The Michigan legislature decided last month to allocate $150,000 of the state Department of Environmental Quality budget for groundwater testing in Monroe County.
The study will focus on discovering how drawing water for use at local quarries affects groundwater movement and quality.
There are 12 stone quarries in and around Monroe County, said Peter Wills. He is a legislative aid to State Rep. Gene DeRossett (R., Manchester), who supported the study's funding.
“There's a number of folks in the area that believe the water being sucked out for use at the quarries ... is potentially impacting the water table and residents,” Mr. Wills said.
“The thought was that if we got this money, we might be able to give residents answers to some of these questions that have been lingering.”
The study will be coordinated by the Michigan Department of Environmental Quality and conducted by the U.S. Geological Survey station in Lansing.
Plans for the study are still in a “very preliminary stage,” said Elgar Brown, chief of the department's groundwater supply section.
“We need to limit the study's scope,” Mr. Brown said. “It's a very complex situation which is very expensive to study.”
The wide variety of geologic features around the area means that the county's groundwater flow is “virtually impossible to model” on a large scale, Mr. Brown said.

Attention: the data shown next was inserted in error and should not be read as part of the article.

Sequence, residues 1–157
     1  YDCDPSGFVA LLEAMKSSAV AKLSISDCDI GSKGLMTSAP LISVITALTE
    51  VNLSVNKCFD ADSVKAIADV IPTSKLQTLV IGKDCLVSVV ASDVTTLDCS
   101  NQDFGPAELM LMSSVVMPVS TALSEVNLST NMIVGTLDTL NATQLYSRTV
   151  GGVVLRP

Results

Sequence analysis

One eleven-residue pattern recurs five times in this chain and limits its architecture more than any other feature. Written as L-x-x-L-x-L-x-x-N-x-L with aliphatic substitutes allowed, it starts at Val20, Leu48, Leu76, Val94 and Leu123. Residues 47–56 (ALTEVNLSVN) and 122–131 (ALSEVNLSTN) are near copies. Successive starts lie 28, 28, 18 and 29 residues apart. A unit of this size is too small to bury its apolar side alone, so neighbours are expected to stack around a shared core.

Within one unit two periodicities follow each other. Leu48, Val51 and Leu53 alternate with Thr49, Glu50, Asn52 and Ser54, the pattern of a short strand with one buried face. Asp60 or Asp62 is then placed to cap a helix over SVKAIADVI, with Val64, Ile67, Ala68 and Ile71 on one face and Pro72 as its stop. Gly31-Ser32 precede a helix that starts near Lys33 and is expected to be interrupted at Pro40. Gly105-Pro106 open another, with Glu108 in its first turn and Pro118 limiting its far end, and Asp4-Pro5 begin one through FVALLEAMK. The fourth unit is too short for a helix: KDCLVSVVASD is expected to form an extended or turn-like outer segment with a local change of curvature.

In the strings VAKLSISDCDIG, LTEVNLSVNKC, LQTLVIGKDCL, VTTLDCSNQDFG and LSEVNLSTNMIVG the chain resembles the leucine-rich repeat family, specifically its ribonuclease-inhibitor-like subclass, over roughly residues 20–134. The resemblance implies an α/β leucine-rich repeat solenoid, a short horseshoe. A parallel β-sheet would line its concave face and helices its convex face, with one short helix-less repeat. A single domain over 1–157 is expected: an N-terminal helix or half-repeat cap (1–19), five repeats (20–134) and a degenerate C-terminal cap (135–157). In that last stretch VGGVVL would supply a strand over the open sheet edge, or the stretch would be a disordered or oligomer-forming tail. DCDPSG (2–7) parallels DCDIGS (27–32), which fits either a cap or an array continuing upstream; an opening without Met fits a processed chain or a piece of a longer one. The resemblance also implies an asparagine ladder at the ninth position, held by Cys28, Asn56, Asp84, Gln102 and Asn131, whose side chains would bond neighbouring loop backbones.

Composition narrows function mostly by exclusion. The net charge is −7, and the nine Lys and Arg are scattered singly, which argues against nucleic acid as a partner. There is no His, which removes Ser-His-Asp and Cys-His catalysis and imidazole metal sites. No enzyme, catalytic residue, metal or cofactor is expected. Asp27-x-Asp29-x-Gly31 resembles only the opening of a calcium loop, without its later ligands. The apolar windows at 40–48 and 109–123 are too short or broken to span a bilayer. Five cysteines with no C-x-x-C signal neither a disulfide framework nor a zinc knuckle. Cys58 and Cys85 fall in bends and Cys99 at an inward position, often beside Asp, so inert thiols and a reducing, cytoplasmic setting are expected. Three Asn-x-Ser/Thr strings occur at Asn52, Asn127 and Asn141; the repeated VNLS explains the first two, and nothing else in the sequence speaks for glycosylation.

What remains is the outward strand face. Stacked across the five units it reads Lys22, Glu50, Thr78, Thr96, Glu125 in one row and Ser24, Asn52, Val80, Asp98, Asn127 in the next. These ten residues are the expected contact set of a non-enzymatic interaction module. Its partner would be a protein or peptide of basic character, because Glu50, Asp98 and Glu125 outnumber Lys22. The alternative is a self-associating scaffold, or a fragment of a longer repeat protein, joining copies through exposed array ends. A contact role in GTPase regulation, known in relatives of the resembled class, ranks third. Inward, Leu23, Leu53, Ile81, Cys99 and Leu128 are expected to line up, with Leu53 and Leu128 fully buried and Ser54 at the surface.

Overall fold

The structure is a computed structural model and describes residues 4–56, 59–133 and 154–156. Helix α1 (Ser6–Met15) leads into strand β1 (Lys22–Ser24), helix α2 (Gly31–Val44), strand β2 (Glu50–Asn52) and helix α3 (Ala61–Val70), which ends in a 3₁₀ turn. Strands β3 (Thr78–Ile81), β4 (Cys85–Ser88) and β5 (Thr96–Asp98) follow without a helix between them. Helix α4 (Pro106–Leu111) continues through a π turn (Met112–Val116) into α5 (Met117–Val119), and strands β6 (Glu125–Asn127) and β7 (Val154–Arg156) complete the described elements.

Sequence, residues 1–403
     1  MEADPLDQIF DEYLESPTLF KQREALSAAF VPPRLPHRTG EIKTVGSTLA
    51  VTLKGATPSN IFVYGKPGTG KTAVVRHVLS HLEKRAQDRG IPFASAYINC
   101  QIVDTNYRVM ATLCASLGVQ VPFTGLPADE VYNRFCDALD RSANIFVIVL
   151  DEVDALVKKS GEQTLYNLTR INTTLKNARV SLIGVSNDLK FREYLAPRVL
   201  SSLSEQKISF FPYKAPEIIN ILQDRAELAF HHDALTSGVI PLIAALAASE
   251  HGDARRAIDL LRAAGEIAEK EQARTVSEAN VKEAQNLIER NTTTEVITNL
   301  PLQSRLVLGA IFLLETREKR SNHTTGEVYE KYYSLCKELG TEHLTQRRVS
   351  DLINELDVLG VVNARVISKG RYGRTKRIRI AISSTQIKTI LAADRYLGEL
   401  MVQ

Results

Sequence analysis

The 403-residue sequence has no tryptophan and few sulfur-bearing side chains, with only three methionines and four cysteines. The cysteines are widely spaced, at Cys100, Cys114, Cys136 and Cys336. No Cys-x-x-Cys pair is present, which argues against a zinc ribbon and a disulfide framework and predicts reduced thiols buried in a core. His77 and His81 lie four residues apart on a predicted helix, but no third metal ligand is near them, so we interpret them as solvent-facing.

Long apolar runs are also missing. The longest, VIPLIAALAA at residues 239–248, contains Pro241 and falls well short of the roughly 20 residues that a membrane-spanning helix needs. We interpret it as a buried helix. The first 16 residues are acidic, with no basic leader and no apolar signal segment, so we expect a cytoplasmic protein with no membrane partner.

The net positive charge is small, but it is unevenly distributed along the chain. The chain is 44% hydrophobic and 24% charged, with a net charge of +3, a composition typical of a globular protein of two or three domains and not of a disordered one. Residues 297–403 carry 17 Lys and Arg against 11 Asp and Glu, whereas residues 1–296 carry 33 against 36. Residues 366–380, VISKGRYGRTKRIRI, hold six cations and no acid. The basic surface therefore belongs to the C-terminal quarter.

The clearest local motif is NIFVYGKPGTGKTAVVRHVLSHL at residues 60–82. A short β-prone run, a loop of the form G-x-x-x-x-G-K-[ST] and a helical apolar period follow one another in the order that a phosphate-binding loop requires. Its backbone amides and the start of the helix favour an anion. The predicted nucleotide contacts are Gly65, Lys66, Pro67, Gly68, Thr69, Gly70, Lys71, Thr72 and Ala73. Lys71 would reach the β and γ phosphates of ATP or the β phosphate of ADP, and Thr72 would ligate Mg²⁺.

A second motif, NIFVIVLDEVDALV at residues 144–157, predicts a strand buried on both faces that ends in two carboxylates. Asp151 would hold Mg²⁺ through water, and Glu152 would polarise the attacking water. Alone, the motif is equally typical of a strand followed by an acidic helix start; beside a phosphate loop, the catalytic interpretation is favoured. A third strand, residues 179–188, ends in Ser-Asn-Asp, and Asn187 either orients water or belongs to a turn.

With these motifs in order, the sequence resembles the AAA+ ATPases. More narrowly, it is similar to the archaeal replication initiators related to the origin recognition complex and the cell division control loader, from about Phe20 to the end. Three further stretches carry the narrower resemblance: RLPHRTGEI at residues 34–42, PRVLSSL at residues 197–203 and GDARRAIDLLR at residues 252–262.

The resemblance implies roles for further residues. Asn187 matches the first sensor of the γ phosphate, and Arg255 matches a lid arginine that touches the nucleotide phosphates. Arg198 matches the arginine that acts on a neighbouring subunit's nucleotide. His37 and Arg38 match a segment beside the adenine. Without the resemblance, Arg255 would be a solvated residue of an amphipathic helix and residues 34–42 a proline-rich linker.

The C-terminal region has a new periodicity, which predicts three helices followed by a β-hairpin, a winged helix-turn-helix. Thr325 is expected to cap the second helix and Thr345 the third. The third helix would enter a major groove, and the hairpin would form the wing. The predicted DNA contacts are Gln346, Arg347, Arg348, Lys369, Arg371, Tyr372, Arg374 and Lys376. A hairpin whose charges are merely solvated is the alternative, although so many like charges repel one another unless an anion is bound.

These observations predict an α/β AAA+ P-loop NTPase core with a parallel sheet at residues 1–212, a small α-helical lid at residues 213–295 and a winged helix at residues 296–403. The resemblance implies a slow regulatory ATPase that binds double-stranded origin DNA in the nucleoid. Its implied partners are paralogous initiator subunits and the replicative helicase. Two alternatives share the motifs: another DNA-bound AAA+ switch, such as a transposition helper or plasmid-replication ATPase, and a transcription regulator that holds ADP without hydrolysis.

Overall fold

But he said the study may aid in understanding groundwater movement in several small areas.
The analysis, which could last two or three years, will likely begin by studying existing wells in London Township, Mr. Wills said.
The study will probably start in October, said Jim Nicholas, district chief of the Lansing station.
“It's something we're going to have to get on pretty quick,” he said.
The study might also give clues to solving issues of poor water quality in the county, Mr. Wills said. County residents have been worried for several years about private well water containing sulfur, a toxic element.
In portions of Summerfield, Dundee, Ida, Raisinville, London, Exeter, and Berlin townships, groundwater carries concentrations of sulfur that are 12 times the safe limit for drinking water.
In March, the Monroe County Commissioners amended the county's sanitary code to allow homeowners with sulfurous water to have their drinking water trucked in. The commissioners procured special permission from the MDEQ to pass the amendment.
Mr. DeRossett and Sen. Beverly Hammerstrom (R., Temperance) advocated funding the groundwater study.
“This study will help us better understand groundwater use and can serve as a model for other areas,” Mr. DeRosett said in a press release.
“It is an essential health concern and one deserving full state and federal support.”